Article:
One of Europe’s experts on Islam in the West says governments must rethink how they are going to win this war.
This week a British Muslim website discussed how worried they were about how disenchanted young men can turn into “Wahaboys”, a term derived from Wahabism, the strict Saudi Arabian interpretation of Islam.
That came days after the killing of controversial Dutch filmmaker Theo van Gogh by a suspected Islamist radical.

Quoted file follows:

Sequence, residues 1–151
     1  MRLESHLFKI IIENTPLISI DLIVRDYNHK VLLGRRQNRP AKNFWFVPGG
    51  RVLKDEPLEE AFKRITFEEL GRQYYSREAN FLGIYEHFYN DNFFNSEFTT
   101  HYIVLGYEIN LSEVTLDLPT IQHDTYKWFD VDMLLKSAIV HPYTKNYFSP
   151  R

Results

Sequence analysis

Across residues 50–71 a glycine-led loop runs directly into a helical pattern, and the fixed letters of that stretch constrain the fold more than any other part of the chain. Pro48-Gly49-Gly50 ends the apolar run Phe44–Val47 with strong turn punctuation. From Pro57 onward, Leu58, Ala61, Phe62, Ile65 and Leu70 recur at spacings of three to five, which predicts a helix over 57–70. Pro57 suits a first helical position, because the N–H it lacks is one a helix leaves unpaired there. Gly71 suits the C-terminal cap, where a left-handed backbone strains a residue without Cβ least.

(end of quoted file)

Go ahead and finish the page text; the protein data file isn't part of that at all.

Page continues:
The events are entirely unrelated – but both point to a continental struggle for the direction of Muslim identity.
And, says Professor Gilles Kepel, the internet is playing an increasingly central part, if not the most important part, in this battle for hearts and minds.
If governments ensure the success of young European Muslims, then they will export their positive experiences eastwards, he argues.
But if governments do not act, then the disenfranchised extremes will confirm the suspicions of those who oppose Western society.